This year’s Consumer Electronics Show have wrapped up with start-ups given a new bespoke exhibition area in which to stand out from the crowd.
Spanning two large rooms, Eureka Park was quite far away from the main convention centre and most of the exhibitors so that start-ups weren’t overshadowed by major industry players.
“Eureka Park will be the premier destination at the show where retailers, venture capitalists, manufacturers and other key attendee groups can find the budding entrepreneurs, fledgling start-ups and homegrown innovation,” the Consumer Electronics Association said in a statement.
“CES attracts the world’s top electronics manufacturers and retailers, so you’ll reach a key, global business audience all in one place.”
StartupSmart identifies some of the start-ups that stood out at CES this year:
After launching the Roamz app at the Web 2.0 Summit in San Francisco last year, Sydney entrepreneur Jonathon Barouch attended CES to show off version two of the app.
Roamz is a location-based app for the iPhone and iPod Touch, providing users with personalised and relevant recommendations of nearby attractions, restaurants, etc. by using the social web.
“There are very few intelligent apps that curate data and learn from a user’s interaction. There are even less apps that do this in real-time and with real-time social data,” Barouch says.
“With Roamz, we make sense of the noise and point out relevant data to each individual based on their interests, social graph and activity history.”
According to Barouch, attending events such as CES, and being able to demonstrate the Roamz technology, enables the start-up to meet “the right people” and build global awareness.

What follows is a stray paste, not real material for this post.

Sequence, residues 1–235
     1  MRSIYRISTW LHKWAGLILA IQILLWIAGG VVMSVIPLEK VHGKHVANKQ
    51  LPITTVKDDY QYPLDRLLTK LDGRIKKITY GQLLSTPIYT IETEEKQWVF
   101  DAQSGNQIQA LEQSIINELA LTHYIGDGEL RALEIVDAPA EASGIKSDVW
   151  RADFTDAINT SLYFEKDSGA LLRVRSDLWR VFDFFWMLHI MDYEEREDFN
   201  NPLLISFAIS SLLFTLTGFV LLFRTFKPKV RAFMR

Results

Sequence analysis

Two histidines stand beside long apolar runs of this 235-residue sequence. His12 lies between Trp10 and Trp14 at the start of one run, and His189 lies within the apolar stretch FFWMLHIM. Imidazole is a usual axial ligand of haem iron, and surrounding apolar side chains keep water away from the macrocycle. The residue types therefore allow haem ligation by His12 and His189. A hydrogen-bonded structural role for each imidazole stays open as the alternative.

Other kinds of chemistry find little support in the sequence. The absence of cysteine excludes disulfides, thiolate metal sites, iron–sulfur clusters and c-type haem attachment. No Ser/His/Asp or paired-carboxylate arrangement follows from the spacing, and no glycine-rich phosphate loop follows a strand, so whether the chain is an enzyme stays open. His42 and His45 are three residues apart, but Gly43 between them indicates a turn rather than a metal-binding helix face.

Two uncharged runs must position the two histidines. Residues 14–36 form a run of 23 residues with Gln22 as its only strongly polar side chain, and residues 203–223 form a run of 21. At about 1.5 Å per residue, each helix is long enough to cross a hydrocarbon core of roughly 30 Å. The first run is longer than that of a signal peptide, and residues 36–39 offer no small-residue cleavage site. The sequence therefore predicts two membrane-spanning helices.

Opena Case, Quad Lock
Melbourne entrepreneurs Rob Ward and Chris Peters also attended CES in the hope of making a name for themselves and their iPhone-inspired products.
“Based on our online sales, the US is already our biggest market,” Ward told StartupSmart last week.
“While in the US at CES and MacWorld, we are hoping to raise the profile of our existing product, the Opena Case, and introduce the Quad Lock.”
The Opena Case is an iPhone case that doubles as a bottle opener, while the Quad Lock is an iPhone mount that attaches to prams, bicycles, etc.
“Another aim is to secure distribution deals with the big US retailers,” Ward says.
Based in the United States, Modular Robotics has created a robot construction kit, which proved to be a popular attraction at Eureka Park.
Users build their robot by snapping together powerful cubes, referred to as Cubelets.
Each Cubelet has a different function. Black ones, for example, are sensors, and the colorful ones are “thinking” Cubelets that react to the sensors. The user controls their robot with hand gestures.
“We had an investor offer us $10 million,” Modular Robotics’ Mark Gross told CNET.
Based in the United Kingdom, Blippar is a smartphone app that uses the phone’s inbuilt camera to recognise things in the real world and provide the user with digital connections, information or interactive entertainment.
After winning a competition in November, the Blippar team was sponsored by UK Trade and Investment to attend CES, receiving free accommodation and a prime-site stand.
“Perhaps the easiest way to sum up the whole CES experience from the Blippar perspective is to quote one visitor… who proclaimed us ‘the most blipping awesome thing’ he’d seen at CES this year,” Blippar wrote in a blog.
“So as yet another CES finishes for the many established consumer global brands, here’s hoping that with continued hard work, this will hopefully have been the first of many more for our company.”
Flotsam, a Hong Kong-based company that makes stands for iPads and other tablets, was less than impressed with its location, as Eureka Park is separate to the main convention centre.
“They said, ‘Are you selling in America?’ I said no and they said, ‘Then you can go to Eureka Park’. I wanted to pay more not to be here,” Flotsam’s Tim Abbott told CNET.